Just like other parts of your body, your mouth experiences specific changes as you age. In fact, dental care for the geriatric population can look very different from that of children and younger adults. It is important to acknowledge and address the unique needs of your teeth and gums at every stage of life.
There are both environmental and biological factors that put aging adults at a greater risk for dental problems. Common dental concerns for seniors include gum disease, tooth decay and oral cancer. There are various reasons for this, including the following:
Dry Mouth: While it is normal to produce less saliva as you age, dry mouth is also a side effect for more than 500 medications. Despite the discomfort from dealing with a dry mouth, it can also make aging adults more susceptible to gum disease and decay. Saliva rinses away food particles and bacteria from the teeth and gums, and it also aids in neutralizing the acids in the mouth. Without your spit, the oral environment can become threatening.
Smaller Tooth Nerves: As we grow older, the nerves in our teeth can become smaller, which can make issues like tooth decay less noticeable. When dental issues like cavities get diagnosed late, it can lead to worsening problems and more complex treatment.
Shrinking Gums and Enamel Wear: The natural aging process can include shrinking gum tissues, which leaves the teeth more exposed to infection and decay. In addition, the outer layer of the teeth (enamel) can wear thin over time, which accelerates the vulnerability of the teeth.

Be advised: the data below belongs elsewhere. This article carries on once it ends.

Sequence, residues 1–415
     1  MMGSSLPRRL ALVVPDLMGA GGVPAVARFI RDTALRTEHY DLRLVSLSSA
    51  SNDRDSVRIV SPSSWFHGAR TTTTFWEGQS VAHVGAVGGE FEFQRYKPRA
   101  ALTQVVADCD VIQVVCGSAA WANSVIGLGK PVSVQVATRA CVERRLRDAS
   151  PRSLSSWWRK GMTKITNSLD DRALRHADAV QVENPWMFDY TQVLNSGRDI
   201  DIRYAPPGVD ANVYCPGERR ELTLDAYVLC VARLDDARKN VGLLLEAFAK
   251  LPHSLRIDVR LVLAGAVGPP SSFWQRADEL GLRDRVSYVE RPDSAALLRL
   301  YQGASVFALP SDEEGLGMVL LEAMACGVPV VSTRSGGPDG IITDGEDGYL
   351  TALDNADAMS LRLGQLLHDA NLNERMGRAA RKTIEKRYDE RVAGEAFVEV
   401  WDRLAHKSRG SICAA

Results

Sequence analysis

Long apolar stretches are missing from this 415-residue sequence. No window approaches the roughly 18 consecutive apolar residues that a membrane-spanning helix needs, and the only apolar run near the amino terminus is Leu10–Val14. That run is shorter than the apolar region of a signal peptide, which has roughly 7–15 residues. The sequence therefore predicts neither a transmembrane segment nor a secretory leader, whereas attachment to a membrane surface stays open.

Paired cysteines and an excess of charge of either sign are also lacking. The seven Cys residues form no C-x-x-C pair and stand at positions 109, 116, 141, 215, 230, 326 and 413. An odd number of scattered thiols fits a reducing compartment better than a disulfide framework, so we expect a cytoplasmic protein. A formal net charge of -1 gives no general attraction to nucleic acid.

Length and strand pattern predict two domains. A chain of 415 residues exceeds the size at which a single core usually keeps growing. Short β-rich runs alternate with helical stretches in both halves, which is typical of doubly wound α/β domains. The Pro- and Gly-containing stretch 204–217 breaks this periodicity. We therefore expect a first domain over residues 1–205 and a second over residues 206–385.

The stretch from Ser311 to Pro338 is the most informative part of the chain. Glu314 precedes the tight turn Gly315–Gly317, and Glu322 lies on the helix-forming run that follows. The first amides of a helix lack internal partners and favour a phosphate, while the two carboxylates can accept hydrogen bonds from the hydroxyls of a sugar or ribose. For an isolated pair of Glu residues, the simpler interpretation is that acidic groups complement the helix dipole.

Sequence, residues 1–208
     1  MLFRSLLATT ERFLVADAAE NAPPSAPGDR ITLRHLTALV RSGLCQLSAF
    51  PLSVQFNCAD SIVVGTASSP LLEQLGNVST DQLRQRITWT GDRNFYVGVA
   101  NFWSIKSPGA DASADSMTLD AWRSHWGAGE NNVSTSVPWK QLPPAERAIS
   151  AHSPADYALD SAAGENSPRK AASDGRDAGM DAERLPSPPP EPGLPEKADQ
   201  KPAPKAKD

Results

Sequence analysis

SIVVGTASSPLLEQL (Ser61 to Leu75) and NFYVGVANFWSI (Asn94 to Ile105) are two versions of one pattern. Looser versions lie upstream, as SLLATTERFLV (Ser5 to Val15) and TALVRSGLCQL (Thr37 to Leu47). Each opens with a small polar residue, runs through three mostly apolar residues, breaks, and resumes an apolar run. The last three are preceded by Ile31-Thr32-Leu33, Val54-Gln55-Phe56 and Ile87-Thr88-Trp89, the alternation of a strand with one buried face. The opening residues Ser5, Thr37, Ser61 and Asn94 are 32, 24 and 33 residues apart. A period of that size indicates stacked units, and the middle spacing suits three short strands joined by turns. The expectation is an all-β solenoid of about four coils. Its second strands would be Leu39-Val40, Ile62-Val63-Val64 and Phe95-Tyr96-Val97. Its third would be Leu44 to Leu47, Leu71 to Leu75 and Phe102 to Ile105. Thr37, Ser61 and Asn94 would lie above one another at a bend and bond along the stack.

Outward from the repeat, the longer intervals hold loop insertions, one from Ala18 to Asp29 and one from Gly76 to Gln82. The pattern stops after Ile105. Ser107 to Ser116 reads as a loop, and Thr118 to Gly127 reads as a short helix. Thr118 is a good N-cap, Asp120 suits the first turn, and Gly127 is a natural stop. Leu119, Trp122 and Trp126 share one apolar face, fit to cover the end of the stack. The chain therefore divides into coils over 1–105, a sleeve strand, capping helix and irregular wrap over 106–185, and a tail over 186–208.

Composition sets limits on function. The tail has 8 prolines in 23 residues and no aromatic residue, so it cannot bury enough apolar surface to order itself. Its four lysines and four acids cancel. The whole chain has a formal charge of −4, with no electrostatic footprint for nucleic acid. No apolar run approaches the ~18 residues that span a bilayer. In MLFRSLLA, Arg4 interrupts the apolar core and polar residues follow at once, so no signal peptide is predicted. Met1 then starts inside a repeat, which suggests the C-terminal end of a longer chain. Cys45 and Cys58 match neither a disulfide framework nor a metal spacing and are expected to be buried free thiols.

Oral Cancer: The average age of an oral cancer diagnosis is 62 years old. Oral cancer includes cancers of the mouth, throat, tongue, and lips. Whether it is a family history of oral cancer or a lifetime of bad habits, it is important to know and recognize the symptoms of oral cancer as you age, which includes red or white spots, sores in the mouth or bleeding which does not disappear within two weeks.
If you consider yourself in the geriatric population, don’t count yourself out of a healthy and confident smile. At Gilreath Family Dentistry, we take a proactive approach in helping seniors maintain their dental health, which may include special treatment for dry mouth, more regular trips to the dentist as well as appropriate tools for better dental hygiene. Many senior adults benefit from electric toothbrushes and water flossers that don’t require as much dexterity to get the job done. To learn more about keeping a brilliant smile as you age, please call Dr. Gilreath in Marietta.
Posted on behalf of Dr. Paul Gilreath IV,